About Me

Hey Everyone! I am Bianca Del Cioppo and I am in love with art!

I am currently a student at Sierra Nevada College in beautiful Lake Tahoe. I am working towards my BFA in ceramics. I am relatively new to the ceramic art world, but I am quickly making up ground and filling every moment of my life with art shows, conventions, ceramics history and time in the studio. This blog is just a collection of what I make, what I see and things that peek my interest in the art world. Enjoy!

Tuesday, March 26, 2013

My BFA Show Speech and Questions


BFA Show- February 21st

 A Vacant Chair
“I am not sculpting the figure, but rather the shadow that they cast.” - Alberto Giocometti

I created this show in response to a dear friend’s passing last semester. I was experiencing new feelings and states of mind that I hadn’t experienced before and they inspired my work in ways that I couldn’t fully understand. Each figure I created started to  speak to me about a memory; a memory embodied itself in a moment in time that reflected my states of mind during the grieving process. These memories were so powerful that I found no answers in traditional ceramic techniques. Each moment in time, was new and raw inside me. I felt the need to capture these exact moments with an equally raw feeling of clay. I think if I had gone about this project with a method I had already learned, it would have lost something. Because these are temporary feelings to a permanent outcome, I wanted the impermanency of unfired clay to capture and mimic my emotions. I wanted to make them life size because the emotions I was feeling were so massive they couldn’t be miniaturized.  
The strokes that I made in the clay were direct movements of the emotions I was feeling as I was in the process. How I treat my figures is very similar to how I sketch. I have always been attached to sketching as an outlet for my life. Sketchbooks were always the first thing I packed when I would go on family trips. 
For the last few months, my life has been laid out in my sketchbook. It has been a way for me to vent, think and come to terms with the events that had occurred. For me, this way of creating is completely new.  It is about trying to capture something that is intangible. I am not firing my pieces because there is that immediate sense of permanency with fired ceramic work that I am looking to draw away from. I am not creating to profit. I am creating purely as an outlet for my emotions. 
I have been looking for a different way of expressing myself in my art since last year when the SNC’s Clay Club travelled to Seattle for NCECA. The National Conference on the Education for the Ceramic Arts hosts many exhibitions, one of which, we entered into. The running theme for that year was “On the Edge” and our group immediately thought of ‘on the edge of extinction.’  We wanted to create these life size figures with animal heads representing the bond between humans and the endangered species in the Puget Sound region. We created these figures with found materials, trash, chicken wire, and hand dug clay. It was ironic that these figures were made of the very materials that were killing the animals in that area. It was a very moving experience for me, I was completely consumed in the entire process, so much so, that I started searching for more meaning in my own work. Before, I was solely working on sculptural pots with wire detail. I was taking everything I had learned.  After NCECA, I started exploring the ways that nature creates a beauty in even the ugliest parts of the world. For example, when you see a fungus from a distance, it may not be beautiful, but when you look closely the patterns created are unquestionably fascinating. I wanted to look into this play on peoples perception of beauty in nature. When I moved into figurative work, it was an easy transition because my forms were already very figurative. Then I went life size.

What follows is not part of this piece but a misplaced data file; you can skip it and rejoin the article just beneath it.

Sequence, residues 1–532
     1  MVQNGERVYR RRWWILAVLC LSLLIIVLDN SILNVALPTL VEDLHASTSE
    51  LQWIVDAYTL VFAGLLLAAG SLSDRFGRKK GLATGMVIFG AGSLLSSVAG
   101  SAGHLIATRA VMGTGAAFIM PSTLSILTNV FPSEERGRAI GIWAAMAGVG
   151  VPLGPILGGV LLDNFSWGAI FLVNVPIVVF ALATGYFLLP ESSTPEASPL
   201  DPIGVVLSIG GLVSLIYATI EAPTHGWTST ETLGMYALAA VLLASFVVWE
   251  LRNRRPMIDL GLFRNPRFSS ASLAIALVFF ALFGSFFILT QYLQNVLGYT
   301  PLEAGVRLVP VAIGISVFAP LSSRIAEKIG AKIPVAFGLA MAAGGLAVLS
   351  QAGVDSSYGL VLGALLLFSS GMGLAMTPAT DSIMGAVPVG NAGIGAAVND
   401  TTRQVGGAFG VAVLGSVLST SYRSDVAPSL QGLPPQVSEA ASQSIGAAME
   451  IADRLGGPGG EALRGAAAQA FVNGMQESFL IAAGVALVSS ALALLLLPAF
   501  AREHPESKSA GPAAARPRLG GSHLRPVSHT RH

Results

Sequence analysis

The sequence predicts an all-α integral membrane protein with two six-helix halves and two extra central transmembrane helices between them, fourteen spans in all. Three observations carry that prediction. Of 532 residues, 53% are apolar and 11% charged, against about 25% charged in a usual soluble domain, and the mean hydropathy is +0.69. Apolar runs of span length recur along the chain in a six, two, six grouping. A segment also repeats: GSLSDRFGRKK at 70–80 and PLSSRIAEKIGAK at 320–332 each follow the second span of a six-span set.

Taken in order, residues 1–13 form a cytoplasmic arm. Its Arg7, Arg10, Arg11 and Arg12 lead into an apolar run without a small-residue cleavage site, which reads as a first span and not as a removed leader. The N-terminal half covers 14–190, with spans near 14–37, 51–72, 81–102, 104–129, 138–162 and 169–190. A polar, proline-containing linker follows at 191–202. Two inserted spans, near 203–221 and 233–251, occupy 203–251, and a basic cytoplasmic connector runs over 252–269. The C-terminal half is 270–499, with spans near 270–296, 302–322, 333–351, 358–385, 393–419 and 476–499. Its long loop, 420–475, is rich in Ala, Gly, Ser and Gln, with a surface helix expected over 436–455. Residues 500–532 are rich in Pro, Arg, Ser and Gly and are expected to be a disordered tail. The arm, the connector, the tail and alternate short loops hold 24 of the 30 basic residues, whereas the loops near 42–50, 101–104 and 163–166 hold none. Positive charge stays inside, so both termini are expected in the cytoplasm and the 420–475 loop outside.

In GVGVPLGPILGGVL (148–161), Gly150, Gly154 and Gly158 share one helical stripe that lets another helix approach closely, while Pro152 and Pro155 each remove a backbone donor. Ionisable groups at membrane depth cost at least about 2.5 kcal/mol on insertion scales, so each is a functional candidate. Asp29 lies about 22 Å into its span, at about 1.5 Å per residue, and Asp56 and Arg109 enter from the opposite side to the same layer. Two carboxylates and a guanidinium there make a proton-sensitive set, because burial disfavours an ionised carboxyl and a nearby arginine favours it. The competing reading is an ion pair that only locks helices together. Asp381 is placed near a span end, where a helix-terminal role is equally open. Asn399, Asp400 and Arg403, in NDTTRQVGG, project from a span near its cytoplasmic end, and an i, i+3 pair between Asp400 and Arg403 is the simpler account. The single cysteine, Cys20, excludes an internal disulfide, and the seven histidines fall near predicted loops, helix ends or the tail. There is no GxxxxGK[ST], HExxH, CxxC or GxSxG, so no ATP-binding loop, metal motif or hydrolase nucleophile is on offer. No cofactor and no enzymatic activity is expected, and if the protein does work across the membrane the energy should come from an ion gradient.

When I started making these figures, they were solid pieces of clay. It only took six hours to completely finish one, but the piece didn’t have anything to support it. I started thinking back to the NCECA trip and how we made a skeletal structures for each figure. I took that idea and incorporated it into my final pieces. I created a wood frame base, wrapped them in burlap and finally chicken wire. Both the burlap and the chicken wire were used to grip and hold the hundreds of pounds of clay I added to each figure.
I wanted to express looseness in the figures similar to that of Egon Scheile. I was introduced to Egon shortly after I started figurative work and I fell in love with the wide gesture marks that he used to convey movement and emotion. He would take liberties with the figure that were new and exciting to me. I saw a lot of similarities between Egon’s paintings and my sketches and I wanted to take both styles and make them come to life in clay. 
This whole process has been extremely beneficial and moving for me, both in my personal life and for future plans. I want to explore this new way of creating clay figures and see what more I can learn from it. I like the sense of freedom working raw has brought me and I look forward to bringing this new skill into grad school and my future practice.

Egon Schiele Inspiration